Thursday, November 12, 2015

Ta Eem Grill with Rabbi Denise Eger

Ta Eem Grill
7422 Melrose Ave
Los Angeles, CA 90046
(323) 944-0013

I've been planning for some time to feature Ta Eem Grill, an Israeli shawarma and falafel joint on Melrose, for my first post back from the long hiatus. For two reasons: one, it's so freaking delicious, and two, it would be a nice way to acknowledge my recent embrace of my Jewish heritage. After a life of disinterested secularism, some mild Zen Buddhism, and some hardcore radical atheism, I decided to look into the history and culture of my maternal ancestors. I took an Introduction to Judaism class (Much needed. Seriously, I didn't know Rosh Hashanah from a hole in a bagel.) I loved it. I learned so much, made lifelong friends, and have totally Jewed up. Best part is? I'm still an atheist by most definitions of the term, and Reform Judaism is cool with that.


[WARNING: this is a long post. They won't all be like this!]

Rabbi Denise Eger—full disclosure, my rabbi—is the spiritual leader of Congregation Kol Ami, an LGBTQ friendly Reform Judaism synagogue in West Hollywood, CA. She's also the first openly lesbian President of the Central Conference of American Rabbis, the oldest (founded 1889) and largest rabbinic organization in North America. Needless to say, she's a total badass, committed to championing social justice and equality for people of all races, nations, sexual orientations, and genders.

Rabbi Denise Eger of Congregation Kol Ami.
Photo by Yahoo! News
She kindly offered to be the first guest diner for my rebranded blog. She was headed off the next day to deliver the benediction at last weekend's Biennial of the Union of Reform Judaism in Florida (maybe you read about it—they officially and warmly embraced the transgender community), but generously took the time out for a leisurely lunch.

We got in line to order at Ta Eem, which is just a few blocks from Kol Ami. "You've been here before, I assume?" I asked her.

"Oh, yeah, I love it!" she effused. (Rabbi Eger, like any good spiritual leader, is effusive). "It reminds me of Israel."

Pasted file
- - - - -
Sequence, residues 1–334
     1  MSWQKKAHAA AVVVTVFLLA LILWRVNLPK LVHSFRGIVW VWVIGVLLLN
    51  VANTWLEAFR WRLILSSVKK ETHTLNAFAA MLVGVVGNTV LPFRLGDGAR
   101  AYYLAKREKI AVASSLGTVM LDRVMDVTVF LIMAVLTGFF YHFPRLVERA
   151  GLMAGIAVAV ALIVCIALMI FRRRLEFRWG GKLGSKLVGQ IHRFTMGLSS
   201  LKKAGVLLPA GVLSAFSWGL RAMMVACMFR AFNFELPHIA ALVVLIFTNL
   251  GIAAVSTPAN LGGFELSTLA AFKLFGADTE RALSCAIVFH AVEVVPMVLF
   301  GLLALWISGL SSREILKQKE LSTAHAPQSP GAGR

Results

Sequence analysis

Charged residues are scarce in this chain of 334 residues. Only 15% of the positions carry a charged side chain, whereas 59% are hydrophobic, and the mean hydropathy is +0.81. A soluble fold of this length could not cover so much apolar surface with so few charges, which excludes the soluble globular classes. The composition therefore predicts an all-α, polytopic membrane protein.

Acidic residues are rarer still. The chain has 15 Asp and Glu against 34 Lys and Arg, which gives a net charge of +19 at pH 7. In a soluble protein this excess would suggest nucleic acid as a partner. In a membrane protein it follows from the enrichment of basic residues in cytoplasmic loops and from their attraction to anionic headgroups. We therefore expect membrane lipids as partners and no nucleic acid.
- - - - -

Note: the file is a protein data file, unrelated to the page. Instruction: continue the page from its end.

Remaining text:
Ta Eem is indelibly Israeli. The proprietor wears a kippah, (hey, that's the Hebrew for the Yiddish yarmulke. I learned that in class!). The staff speak modern Hebrew behind the counter, and the cashier, on a previous visit, had my wife batting her eyelashes languidly over the "dreamy Israeli soldier boy." The menu is a simple array of chicken shawarma sliced off a vertical spit (the mediterranean version of the Mexican trompo, the source of true al pastor) a couple of other chicken, beef, and sausage dishes, and of course falafel, all served either as a sandwich (in either a house-made pita, on a baguette, or in a laffa flatbread wrap) with all the trimmings, or in a larger "plate" format with a side of hummus and greens and a selection of Israeli salads. One orders at the counter and takes a number, Carl's Jr. style, grabs a drink and takes a seat at one of the heavy oak tables, many of which are communal. It's not a quiet place: there's convivial Jewish chatter at every table, a cacophony of Hebrew, Yiddish and English. During the short wait for our food, Rabbi Eger riffs on the Hebrew numerological symbolism of our order number, 35. "In the Talmud there's a great story about the lamed vovniks, the thirty-six people who do good deeds, don't ask for anything in return, and are filled with unconditional love."

"But we're one short of that," I note.

"And that's good. Because anyone who says they're a lamed vovnik, who has so much hubris to say they're one of the thirty-six...they're clearly not."

The Rabbi's Schnitzel

The food arrives. She's ordered the chicken schnitzel plate, breaded and deep fried yet delightfully crisp and un-greasy.